I had two business meetings this last week on Friday. One in downtown Seattle and then another down in SODO (South of Downtown). Leaving Ballard and getting to Seattle is an easy exercise. Even while healing and a slower pace from walking and no bike option, downtown Seattle is a simple trip. It currently takes me an extra 5-20 minutes without the bike option, but it’s still only a 30-40 minute trip. But the ease of the trip ends at downtown, with anything south adding complexity at a dramatic rate.
Once I’ve arrived, either on the 17, 18, D Line, or 40 Bus, I then have to transfer to some bus or other mode that goes further south to SODO. Traveling through downtown is slow except on the LINK. But the LINK has two stops that aren’t particularly close to 1st avenue or very close to anything in the southern half of SODO.
Info on Ballard, SODO, and where downtown is for a better idea of these trips.
- Wikipedia page on Downtown Seattle
- Wikipedia page on SoDo
- Wikipedia page on Ballard
- Information on Wikipedia on ALL the neighborhoods
Regardless of the time it was an easy bus ride to both meets, with some of my current slow walking to each location. The weather was actually really nice during both of my walks from the bus to meeting, meeting to LINK, then LINK to meeting. Overall good trips, reliable, and they arrived (shockingly!) on time.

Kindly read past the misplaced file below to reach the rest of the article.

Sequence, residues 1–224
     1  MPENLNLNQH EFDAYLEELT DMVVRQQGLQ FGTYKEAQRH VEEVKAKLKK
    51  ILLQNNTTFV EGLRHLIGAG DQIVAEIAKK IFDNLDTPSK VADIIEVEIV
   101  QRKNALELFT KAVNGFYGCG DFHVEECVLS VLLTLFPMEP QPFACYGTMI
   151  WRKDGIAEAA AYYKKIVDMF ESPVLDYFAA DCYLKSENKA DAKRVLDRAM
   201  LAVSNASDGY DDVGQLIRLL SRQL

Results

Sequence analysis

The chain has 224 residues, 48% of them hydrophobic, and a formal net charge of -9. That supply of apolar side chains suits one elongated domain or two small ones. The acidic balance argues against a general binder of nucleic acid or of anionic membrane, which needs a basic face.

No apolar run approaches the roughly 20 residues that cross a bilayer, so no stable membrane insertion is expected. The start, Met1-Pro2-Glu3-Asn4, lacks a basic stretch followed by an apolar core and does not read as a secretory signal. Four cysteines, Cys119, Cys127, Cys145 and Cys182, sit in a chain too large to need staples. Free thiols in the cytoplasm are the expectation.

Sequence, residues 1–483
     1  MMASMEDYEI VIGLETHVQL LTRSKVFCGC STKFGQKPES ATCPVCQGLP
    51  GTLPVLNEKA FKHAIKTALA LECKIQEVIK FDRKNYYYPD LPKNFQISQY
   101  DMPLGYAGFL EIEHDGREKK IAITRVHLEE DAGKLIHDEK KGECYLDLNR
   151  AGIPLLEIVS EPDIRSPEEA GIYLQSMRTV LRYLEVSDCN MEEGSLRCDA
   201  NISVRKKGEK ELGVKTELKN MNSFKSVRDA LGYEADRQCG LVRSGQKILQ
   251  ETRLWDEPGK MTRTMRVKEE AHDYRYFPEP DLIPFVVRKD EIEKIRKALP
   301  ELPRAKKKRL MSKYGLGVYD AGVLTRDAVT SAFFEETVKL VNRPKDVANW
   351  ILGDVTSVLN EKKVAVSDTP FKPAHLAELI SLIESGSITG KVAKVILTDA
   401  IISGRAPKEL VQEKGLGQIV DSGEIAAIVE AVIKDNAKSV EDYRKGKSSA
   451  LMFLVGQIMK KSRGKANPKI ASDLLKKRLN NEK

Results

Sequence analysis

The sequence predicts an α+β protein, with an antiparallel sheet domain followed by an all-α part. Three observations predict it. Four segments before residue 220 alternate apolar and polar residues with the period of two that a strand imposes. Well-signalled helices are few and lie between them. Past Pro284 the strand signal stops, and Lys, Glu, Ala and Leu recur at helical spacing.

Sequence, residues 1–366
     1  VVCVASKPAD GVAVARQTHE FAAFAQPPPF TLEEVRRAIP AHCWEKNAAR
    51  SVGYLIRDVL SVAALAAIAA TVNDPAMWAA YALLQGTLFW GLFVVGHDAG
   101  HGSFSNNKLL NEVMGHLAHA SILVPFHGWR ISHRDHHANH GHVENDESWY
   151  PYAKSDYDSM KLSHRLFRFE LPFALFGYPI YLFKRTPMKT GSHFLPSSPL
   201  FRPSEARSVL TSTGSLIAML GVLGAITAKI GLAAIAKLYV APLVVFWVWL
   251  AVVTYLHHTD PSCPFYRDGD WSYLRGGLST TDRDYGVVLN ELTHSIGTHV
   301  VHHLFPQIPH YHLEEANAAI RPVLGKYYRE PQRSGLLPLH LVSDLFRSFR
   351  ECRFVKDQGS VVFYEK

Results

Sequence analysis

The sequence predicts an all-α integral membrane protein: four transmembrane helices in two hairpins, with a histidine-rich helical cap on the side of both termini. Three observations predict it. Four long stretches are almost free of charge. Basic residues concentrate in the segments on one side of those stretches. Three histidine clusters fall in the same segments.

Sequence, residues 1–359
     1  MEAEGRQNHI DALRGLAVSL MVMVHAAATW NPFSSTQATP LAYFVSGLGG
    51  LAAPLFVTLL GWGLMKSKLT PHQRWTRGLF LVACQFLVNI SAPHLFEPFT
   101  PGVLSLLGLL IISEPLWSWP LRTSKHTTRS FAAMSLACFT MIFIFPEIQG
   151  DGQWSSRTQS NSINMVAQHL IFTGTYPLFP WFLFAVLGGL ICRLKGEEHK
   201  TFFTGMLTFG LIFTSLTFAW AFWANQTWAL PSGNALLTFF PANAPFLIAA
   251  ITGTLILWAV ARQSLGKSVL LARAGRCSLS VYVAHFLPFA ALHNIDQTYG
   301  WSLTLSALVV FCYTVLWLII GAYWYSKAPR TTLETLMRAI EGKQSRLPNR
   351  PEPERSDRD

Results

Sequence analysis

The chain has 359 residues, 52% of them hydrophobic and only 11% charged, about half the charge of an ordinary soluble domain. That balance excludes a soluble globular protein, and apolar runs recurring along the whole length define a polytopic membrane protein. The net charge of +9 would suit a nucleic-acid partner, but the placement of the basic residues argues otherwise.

But let’s ponder a moment, since I’ve been doing this a bit more than usual dealing with being injured. My usual situation is to have my bike at my side. I can easily get on any of the above buses even sooner, splitting any time by 1/3-1/5th the walking time. On longer stretches connecting to the bus I easily can cut walking time even more by about 1/10th or more, because of the simple use of roadway and crossing sections that otherwise one must stop at in a car or walking, but on a bike one can slip between different blockages and still pass through legally on toward one’s destination.
I thought through the information and realized I could have cut out almost 32-36 minutes off of my walking time and could have cut out almost 8-20 minutes off of my bus riding time. The later I factored in that I could have caught the earlier 17 if I’d been on my bike, instead of limited to walking slowly from SODO to the 17 Express.
Being able to combine transit and bike trips, especially in massive cities in the United States, is fundamental to making trips quickly. Days like this, were I can’t pair the trips accurately are rough days. In future articles, I’ll break down comparisons in how I save tons of time versus using a car for errands, commutes, and trips too. It’ll get pretty spicy, so stay tuned. I’ve got some interesting and arguable disagreeable thoughts on the matter in the near future. I promise, whatever I do, it’ll be presented in standard Sleuth fashion with some data and good search terms to look into the matter futher!
Until next post, happy trips to all your destinations!